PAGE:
“Republican lawmakers have systematically downplayed or dismissed the dangers, with some breezing over the attack on the Capitol as a largely peaceful protest, and many saying the state voting law changes are to restore ‘integrity’ to the process, even as they give credence to Mr. Trump’s false claims of rampant fraud in the 2020 election.”
“They shrug off Democrats’ warnings of grave danger as the overheated language of politics as usual.”
Politico: “Texas Democrats who killed a Republican elections bill with a dramatic state legislative walkout last month are heading to Washington this week to meet with Vice President Kamala Harris and pressure lawmakers on voting rights — part of a week of action that culminates in an Austin rally hosted by former Rep. Beto O’Rourke.”
“The push comes with Democrats’ expansive federal voting rights legislation on life support after Sen. Joe Manchin (D-WV) said he’ll vote against it.”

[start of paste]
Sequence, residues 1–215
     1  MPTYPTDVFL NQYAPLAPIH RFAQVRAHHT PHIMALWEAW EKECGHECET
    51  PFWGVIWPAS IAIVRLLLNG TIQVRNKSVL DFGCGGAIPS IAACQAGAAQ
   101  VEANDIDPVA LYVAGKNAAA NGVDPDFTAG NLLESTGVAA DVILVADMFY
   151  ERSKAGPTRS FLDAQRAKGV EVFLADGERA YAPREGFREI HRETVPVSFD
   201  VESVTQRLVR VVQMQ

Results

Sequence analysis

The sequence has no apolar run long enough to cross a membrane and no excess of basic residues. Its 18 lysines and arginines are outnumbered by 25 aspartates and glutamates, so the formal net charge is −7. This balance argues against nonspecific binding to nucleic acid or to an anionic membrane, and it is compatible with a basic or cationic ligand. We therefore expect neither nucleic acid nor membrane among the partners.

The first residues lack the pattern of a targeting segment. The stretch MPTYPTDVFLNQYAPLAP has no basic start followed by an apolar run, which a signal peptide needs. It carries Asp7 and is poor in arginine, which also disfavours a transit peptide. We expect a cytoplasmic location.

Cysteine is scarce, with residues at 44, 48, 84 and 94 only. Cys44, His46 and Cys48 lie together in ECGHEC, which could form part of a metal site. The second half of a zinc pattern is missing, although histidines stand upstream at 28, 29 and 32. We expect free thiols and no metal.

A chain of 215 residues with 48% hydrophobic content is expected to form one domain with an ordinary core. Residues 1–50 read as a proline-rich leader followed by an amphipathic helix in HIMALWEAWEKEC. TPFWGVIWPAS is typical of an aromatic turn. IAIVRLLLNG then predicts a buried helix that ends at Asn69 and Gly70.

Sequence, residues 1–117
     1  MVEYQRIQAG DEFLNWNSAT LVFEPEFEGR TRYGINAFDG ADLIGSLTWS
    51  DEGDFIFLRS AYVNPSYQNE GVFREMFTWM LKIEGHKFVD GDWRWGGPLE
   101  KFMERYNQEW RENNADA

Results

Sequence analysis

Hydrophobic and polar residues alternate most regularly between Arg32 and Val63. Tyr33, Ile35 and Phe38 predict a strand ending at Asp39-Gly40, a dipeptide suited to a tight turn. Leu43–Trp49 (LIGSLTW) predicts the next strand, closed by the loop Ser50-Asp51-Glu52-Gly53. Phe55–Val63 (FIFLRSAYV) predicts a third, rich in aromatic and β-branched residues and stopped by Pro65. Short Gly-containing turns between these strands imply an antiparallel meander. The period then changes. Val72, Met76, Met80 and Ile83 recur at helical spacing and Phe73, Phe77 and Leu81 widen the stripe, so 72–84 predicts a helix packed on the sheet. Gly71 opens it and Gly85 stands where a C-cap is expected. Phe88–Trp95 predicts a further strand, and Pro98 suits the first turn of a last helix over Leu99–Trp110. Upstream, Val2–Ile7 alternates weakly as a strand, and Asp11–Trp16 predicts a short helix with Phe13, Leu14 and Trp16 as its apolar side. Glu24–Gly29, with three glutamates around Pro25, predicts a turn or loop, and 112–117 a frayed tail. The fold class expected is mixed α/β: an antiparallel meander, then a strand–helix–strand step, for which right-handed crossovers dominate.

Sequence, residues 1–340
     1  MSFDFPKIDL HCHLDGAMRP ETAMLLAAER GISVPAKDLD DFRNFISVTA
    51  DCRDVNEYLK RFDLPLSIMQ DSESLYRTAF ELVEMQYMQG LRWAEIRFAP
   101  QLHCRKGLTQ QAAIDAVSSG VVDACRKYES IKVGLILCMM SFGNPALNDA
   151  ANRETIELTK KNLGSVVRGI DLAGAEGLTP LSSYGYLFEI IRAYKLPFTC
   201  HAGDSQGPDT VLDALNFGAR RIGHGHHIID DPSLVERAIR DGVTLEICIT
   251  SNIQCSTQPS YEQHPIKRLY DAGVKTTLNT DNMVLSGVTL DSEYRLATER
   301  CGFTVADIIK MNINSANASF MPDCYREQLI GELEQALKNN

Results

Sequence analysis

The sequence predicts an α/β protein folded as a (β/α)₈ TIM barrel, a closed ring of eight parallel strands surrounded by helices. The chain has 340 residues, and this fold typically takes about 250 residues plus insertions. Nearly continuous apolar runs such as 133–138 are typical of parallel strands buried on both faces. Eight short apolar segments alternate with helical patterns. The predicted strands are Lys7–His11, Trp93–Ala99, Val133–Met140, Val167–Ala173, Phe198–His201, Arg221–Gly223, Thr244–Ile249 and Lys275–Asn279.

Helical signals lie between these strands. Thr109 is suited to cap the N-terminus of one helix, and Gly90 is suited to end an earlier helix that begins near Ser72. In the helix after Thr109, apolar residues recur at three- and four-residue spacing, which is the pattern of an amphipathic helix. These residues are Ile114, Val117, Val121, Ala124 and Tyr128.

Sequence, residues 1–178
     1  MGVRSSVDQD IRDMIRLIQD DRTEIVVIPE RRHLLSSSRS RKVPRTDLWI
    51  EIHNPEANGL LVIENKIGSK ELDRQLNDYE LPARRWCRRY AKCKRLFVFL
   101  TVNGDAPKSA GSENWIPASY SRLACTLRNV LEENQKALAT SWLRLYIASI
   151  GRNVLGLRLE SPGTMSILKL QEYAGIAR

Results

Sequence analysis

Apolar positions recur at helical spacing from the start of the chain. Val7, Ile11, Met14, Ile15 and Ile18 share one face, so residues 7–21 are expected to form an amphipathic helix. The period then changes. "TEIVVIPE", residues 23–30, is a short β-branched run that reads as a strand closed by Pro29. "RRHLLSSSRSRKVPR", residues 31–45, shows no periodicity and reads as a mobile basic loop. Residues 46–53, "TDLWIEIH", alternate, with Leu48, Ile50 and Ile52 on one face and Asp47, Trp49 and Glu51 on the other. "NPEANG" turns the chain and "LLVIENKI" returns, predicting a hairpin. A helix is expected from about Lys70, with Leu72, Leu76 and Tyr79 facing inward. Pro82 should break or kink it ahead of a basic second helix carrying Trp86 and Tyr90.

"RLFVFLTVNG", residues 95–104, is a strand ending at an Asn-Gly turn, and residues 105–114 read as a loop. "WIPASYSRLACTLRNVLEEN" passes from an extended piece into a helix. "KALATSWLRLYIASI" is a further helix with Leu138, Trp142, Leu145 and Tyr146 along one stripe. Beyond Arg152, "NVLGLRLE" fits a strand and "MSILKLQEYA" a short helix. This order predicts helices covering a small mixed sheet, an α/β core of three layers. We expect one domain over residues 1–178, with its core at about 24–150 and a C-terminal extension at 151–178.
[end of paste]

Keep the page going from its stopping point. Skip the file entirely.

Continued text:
Politico: “U.S. wariness over the Russia-China relationship has grown to the point where high-level American strategists are weighing how to factor it in as they try to orient U.S. foreign policy to focus more on a rising China. President Joe Biden is expected to discuss Moscow’s ties to Beijing during his Wednesday meeting with Russian leader Vladimir Putin.”
Matthew Winkler: “No one anticipated the latest data readout showing the Golden State has no peers among developed economies for expanding GDP, creating jobs, raising household income, manufacturing growth, investment in innovation, producing clean energy and unprecedented wealth through its stocks and bonds. All of which underlines Gov. Gavin Newsom’s announcement last month of the biggest state tax rebate in American history.”
“By adding 1.3 million people to its non-farm payrolls since April last year — equal to the entire workforce of Nevada — California easily surpassed also-rans Texas and New York. At the same time, California household income increased $164 billion, almost as much as Texas, Florida and Pennsylvania combined.”